https://doi.org/10.7554/eLife.41728.021
Figure 5—figure supplement 3
Directional sensitivity and arithmetic of voltage propagation in VD neurons.

(A) Representative images depicting one secondary neurite branch (i) at 40x magnification and (ii) in context of the entire dye-filled structure at 20x magnification. Arrows indicate inward (IN; red) and outward (OUT; blue) activation. (B) Response evoked at −50 mV for individual sites shown in A from most distal site (top) to most proximal site (bottom). (C) Comparison of mean summed voltage response for inward (red) and outward (blue) activation sequences at 5 Hz for the branch shown in A (mean calculated from three trials; the mean +standard deviation (gray) shows little variation across trials). (D) Comparison of evoked responses (red, blue) to the arithmetic sum of the individual responses (summed with a 200 ms offset in either direction) for the branch in A. In this case, the measured responses are similar to the arithmetic sums. (E) Plot of the measured inward integral (mV*s) as a function of the measured outward integral (mV*s). Points to the left of the identity line suggest an outward bias, points to the right of the identity line suggest an inward bias. Points near or on the identity suggest no directional preference. The white data point denotes the branch shown in part A. (F-G) Plots of the measured integral (inward or outward, respectively, in mV*s) as a function of the integral expected from arithmetic summation of the responses at individual sites. Points to the left of the identity line suggest sublinear summation, points to the right of the identity line suggest supralinear summation. Points near or on the identity line suggest linear summation. Colored data points denote the data from the branch shown in A. In (E-G) Show data for 18 branches from 5 VD neurons; RMSE boundaries are plotted as gray lines and show the goodness of fit to the identity line.

https://doi.org/10.7554/eLife.41728.022
Figure 5—figure supplement 4
Directional sensitivity and arithmetic of voltage propagation in GM neurons.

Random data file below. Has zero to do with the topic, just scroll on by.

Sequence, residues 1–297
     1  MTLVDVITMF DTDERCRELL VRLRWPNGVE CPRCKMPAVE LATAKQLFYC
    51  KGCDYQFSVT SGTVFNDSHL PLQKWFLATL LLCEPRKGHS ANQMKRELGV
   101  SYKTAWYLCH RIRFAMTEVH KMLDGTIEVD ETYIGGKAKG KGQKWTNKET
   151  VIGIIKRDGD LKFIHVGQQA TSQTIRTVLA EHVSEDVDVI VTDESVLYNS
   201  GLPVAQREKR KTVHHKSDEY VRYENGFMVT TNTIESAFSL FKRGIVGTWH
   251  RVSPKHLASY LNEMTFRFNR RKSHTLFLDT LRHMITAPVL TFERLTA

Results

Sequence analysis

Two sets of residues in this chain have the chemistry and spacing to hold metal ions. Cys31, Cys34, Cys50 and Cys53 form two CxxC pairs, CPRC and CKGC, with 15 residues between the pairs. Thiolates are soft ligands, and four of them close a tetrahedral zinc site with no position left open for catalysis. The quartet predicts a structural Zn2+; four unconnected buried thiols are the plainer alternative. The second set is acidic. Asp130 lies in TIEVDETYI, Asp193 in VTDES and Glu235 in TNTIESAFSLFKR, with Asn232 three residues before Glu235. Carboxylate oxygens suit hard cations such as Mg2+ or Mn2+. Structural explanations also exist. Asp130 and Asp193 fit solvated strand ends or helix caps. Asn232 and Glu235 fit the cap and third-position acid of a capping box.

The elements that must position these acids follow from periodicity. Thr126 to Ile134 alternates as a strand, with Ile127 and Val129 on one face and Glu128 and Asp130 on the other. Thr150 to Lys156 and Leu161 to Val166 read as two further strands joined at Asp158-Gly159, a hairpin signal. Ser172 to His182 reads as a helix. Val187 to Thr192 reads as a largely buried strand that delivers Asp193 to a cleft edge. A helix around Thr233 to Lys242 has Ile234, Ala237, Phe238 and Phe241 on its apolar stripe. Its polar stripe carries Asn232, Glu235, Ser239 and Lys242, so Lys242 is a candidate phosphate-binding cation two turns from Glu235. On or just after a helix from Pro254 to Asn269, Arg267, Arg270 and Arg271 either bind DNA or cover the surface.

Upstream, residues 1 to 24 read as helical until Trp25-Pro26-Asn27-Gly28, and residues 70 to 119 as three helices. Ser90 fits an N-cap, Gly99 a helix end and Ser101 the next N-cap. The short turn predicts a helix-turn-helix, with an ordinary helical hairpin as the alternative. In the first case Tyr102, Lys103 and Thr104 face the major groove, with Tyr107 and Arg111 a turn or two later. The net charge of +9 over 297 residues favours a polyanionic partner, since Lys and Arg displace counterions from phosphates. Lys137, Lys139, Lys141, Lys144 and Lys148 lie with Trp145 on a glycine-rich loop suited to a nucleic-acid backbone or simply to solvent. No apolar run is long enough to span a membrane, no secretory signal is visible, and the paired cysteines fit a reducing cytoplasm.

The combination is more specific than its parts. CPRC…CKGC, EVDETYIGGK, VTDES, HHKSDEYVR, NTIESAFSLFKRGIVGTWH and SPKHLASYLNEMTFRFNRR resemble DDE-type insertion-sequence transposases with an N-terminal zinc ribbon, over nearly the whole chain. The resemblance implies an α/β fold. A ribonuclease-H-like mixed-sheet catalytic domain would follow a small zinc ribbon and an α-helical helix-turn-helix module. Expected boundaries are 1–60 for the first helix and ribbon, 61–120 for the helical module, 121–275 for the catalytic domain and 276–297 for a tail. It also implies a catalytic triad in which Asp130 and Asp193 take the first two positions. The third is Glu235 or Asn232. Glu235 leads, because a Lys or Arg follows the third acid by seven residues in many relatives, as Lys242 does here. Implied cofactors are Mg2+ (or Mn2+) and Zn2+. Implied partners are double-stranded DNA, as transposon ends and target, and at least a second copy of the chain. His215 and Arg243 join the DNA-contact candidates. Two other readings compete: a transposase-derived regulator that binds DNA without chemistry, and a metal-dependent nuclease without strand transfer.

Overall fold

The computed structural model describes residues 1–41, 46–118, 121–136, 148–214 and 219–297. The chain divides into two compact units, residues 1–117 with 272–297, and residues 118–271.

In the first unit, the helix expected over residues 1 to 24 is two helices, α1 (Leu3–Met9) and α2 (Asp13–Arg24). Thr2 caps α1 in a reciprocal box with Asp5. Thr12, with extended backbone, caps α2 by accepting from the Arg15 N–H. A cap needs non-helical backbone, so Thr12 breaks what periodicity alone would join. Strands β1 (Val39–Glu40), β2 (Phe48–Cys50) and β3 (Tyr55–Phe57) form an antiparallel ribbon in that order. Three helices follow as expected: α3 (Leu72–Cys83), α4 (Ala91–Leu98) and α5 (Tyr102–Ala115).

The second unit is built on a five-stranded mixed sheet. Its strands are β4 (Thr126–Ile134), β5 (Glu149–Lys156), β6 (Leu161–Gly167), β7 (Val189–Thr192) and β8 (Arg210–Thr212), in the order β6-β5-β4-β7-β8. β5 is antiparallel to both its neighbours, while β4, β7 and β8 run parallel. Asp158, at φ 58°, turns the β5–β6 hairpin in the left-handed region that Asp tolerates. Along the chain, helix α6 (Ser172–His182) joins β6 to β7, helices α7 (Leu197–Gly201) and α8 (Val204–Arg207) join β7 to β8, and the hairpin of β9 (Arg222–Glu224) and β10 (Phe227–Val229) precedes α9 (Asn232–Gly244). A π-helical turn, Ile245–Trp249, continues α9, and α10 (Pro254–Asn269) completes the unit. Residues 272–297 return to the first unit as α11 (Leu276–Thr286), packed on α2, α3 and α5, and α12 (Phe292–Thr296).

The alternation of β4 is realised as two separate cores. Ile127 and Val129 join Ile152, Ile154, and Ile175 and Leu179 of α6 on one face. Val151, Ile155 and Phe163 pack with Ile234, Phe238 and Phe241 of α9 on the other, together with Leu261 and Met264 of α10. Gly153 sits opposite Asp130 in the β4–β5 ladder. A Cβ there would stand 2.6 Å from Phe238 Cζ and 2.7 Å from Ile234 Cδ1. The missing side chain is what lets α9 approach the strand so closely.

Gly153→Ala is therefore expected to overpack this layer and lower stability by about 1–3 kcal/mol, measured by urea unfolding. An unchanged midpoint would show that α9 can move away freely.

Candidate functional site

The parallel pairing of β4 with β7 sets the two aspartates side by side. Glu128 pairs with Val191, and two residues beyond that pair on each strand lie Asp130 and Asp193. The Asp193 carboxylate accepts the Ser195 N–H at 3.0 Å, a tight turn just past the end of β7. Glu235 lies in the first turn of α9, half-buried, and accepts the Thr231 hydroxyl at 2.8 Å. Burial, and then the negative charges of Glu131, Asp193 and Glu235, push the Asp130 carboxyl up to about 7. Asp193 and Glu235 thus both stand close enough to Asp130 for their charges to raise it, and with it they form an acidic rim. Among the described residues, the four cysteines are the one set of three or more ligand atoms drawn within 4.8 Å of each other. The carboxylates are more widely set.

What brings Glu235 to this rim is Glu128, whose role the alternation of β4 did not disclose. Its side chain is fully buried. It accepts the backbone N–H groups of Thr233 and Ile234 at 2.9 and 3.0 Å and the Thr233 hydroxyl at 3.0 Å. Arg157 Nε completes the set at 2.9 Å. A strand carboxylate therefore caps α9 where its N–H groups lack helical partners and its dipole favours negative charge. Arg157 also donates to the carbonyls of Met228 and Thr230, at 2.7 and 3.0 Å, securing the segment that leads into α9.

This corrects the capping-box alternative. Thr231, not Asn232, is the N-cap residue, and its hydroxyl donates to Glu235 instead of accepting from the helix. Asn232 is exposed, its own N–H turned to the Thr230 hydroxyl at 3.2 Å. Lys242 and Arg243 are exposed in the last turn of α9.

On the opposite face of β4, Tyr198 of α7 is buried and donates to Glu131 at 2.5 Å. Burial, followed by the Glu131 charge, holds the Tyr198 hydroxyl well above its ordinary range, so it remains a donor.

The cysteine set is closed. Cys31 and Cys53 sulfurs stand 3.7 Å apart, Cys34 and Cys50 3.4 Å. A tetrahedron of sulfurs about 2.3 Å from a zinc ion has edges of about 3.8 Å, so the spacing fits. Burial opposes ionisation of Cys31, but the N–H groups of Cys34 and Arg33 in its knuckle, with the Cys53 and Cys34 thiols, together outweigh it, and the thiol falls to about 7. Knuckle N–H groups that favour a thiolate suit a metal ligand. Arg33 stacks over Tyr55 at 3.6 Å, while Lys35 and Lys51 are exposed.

(A) Representative images depicting one secondary neurite branch (i) at 40x magnification and (ii) in context of the entire dye-filled structure at 20x magnification. Arrows indicate inward (IN; red) and outward (OUT; blue) activation. (B) Response evoked at −50 mV for individual sites shown in A from most distal site (top) to most proximal site (bottom). (C) Comparison of mean summed voltage response for inward (red) and outward (blue) activation sequences at 5 Hz for the branch shown in A (mean calculated from three trials; the mean +standard deviation (gray) shows little variation across trials). (D) Comparison of evoked responses (red, blue) to the arithmetic sum of the individual responses (summed with a 200 ms offset in either direction) for the branch in A. In this case, the measured responses are similar to the arithmetic sums. (E) Plot of the measured inward integral (mV*s) as a function of the measured outward integral (mV*s). Points to the left of the identity line suggest an outward bias, points to the right of the identity line suggest an inward bias. Points near or on the identity suggest no directional preference. The white data point denotes the branch shown in part A. (F-G) Plots of the measured integral (inward or outward, respectively, in mV*s) as a function of the integral expected from arithmetic summation of the responses at individual sites. Points to the left of the identity line suggest sublinear summation, points to the right of the identity line suggest supralinear summation. Points near or on the identity line suggest linear summation. Colored data points denote the data from the branch shown in A. In (E-G) Show data for 22 branches from 5 VD neurons; RMSE boundaries are plotted as gray lines and show the goodness of fit to the identity line.